SecureRandom to 64 bits of entropy. This is not enough for cryptographic applications like key generation or nonces, but also doesn't explain why in many cases, the exact same values were generated. On average, 2^32 transactions would have to be generated to yield a single collision – all of those with the same key, e.g. bitcoin address.
Another problem of the Harmony implementation of
SecureRandom is that using
setSeed() on an instace replaces the existing entropy in the generator (instead of being mixed securely combined with it). When used wrongly (e.g. by seeding with not-so-random data), this could also lead to predictable values generated by the instance. (This behavior was even used by some applications to use
SecureRandom together with a deterministic seed as some kind of key storage facility. Madness, I know...)
With Android 4.2, Google finally switched to a different implementation based on OpenSSL. Since then, calls to the
setSeed() method augment the internal entropy, instead of replacing it, as it should be. The new generator is even used when specifically asking for the Harmony-based one; obviously somebody at Google regarded the flaws important enough to allow modifying the behavior of legacy apps. (Of course, this broke all off-label usages of
SecureRandom in the process).
So, Android versions from 4.2 should be safe, right? As it turns out, they are not. In some circumstances (I haven't looked at the source yet), the new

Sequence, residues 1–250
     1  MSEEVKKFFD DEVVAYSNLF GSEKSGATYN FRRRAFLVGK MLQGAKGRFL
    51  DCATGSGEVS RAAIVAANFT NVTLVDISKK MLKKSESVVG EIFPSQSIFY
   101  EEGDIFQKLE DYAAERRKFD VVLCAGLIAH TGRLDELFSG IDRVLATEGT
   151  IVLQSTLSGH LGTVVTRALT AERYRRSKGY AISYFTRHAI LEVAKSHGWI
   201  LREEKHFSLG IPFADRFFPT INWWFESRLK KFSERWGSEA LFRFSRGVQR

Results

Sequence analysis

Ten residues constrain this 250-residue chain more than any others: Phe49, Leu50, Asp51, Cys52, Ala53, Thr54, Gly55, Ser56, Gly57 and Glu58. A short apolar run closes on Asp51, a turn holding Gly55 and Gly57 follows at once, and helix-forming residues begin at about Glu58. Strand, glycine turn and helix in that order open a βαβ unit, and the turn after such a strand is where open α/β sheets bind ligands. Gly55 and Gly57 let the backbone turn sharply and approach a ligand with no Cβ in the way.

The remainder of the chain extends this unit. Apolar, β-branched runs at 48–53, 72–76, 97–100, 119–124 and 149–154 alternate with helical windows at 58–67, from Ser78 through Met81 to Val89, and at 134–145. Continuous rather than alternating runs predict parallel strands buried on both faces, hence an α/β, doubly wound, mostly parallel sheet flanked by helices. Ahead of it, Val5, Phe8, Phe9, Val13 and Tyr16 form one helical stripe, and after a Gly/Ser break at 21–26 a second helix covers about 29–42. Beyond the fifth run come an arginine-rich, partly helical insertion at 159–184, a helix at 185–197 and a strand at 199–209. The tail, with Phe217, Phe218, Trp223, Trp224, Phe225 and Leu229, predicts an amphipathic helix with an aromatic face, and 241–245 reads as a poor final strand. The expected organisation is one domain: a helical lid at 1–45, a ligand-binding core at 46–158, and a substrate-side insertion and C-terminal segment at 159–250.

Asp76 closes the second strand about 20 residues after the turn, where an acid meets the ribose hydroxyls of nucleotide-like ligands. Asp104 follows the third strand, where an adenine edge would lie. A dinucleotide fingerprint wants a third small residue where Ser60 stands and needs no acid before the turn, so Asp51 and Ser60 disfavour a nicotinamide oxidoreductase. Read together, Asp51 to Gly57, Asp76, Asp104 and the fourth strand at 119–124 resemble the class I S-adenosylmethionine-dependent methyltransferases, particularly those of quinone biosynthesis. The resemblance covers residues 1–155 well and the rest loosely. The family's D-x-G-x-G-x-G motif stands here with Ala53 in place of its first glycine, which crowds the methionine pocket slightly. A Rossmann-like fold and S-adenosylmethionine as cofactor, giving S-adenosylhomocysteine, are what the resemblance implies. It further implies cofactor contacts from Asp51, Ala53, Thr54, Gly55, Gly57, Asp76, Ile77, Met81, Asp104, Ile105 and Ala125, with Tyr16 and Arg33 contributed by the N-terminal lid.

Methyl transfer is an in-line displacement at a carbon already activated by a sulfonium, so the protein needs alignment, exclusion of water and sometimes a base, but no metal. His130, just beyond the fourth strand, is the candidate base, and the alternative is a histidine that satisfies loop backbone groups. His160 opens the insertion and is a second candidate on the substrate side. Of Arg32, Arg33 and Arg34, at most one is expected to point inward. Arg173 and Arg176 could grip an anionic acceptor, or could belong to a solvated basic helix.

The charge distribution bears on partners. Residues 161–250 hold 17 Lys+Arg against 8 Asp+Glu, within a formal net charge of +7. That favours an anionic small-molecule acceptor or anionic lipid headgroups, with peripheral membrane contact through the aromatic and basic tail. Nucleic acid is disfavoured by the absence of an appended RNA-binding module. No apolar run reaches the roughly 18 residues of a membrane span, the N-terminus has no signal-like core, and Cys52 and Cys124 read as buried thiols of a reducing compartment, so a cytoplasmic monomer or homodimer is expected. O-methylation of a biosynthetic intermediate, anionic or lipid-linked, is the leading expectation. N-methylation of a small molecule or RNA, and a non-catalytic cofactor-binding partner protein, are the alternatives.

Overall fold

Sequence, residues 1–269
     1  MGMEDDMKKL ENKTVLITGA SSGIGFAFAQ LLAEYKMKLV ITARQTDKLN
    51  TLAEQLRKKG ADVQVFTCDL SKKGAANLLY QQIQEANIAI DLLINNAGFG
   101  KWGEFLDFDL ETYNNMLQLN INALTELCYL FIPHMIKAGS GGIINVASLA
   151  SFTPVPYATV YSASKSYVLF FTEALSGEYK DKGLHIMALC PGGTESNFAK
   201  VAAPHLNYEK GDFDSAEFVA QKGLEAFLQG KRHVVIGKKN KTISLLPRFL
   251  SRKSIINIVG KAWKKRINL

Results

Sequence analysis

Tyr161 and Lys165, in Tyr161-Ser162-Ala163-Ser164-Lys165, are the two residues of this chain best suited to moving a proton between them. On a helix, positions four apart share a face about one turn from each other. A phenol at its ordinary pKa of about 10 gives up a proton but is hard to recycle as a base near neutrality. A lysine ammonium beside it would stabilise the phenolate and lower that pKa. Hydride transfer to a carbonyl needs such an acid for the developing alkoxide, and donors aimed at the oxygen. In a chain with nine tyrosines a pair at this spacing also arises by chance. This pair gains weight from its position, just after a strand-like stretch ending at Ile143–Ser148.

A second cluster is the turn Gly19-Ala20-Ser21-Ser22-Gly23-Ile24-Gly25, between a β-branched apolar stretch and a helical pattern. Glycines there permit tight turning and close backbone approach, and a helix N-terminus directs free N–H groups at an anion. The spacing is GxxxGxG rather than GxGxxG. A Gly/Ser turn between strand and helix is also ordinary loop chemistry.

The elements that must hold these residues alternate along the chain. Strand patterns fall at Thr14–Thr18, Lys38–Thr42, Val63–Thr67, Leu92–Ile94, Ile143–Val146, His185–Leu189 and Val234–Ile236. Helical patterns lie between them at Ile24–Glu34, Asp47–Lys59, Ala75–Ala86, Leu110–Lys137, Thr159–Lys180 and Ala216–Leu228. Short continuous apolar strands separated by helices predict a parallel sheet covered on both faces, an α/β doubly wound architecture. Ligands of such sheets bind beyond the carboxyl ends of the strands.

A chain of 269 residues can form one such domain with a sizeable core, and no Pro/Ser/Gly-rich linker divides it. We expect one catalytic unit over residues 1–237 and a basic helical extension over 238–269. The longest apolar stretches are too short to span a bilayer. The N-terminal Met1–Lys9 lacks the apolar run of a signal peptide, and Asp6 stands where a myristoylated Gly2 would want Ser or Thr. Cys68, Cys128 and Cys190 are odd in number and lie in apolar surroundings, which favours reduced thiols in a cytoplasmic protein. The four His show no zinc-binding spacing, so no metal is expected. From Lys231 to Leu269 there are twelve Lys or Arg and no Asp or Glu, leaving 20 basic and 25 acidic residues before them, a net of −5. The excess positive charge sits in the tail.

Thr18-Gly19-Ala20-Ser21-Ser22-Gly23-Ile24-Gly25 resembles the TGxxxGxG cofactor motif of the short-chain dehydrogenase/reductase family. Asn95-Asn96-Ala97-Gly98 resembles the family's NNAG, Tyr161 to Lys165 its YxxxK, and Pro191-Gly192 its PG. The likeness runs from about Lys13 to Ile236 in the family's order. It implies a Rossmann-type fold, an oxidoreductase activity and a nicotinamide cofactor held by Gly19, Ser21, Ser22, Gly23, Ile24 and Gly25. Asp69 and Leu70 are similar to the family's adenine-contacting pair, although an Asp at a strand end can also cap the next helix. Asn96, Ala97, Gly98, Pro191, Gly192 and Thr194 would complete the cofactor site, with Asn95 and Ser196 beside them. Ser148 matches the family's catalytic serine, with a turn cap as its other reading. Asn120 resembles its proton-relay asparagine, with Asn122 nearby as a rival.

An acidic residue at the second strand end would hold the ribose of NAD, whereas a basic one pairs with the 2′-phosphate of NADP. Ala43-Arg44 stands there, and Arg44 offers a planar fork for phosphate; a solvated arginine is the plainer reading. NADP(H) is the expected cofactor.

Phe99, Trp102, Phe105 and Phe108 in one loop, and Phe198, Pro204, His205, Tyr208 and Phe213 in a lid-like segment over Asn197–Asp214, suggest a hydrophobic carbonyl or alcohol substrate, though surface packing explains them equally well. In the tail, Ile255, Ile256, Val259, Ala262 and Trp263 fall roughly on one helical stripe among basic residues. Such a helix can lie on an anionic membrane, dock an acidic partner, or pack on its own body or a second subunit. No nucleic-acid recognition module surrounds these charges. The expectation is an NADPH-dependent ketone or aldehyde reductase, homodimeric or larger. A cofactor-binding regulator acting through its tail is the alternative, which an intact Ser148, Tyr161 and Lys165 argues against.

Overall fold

SecureRandom implementation goes horribly, horribly wrong and returns identical values for successive invocations. This is obviously very bad, not only for Bitcoin wallets, but basically for everybody using the Java cryptographic operations. According to the Android devs, that includes Key generation of symmetric and asymmetric keys (using the
setSeed() with proper random data with the OpenSSL implementation avoids the bug, which leads to the interesting situation that using
setSeed() is discouraged for Android 4.1 and earlier, but is essential for 4.2. (Android 4.3 seems to avoid both bugs, according to the code in the blog post). The Android developers were kind enough to provide a ready-to-use mitigation in the form of a drop-in replacement for
SecureRandom that does exactly that. (You should probably still be careful for older Android versions using the Harmony implementation – all the caveats for that mentioned in the paper still apply.)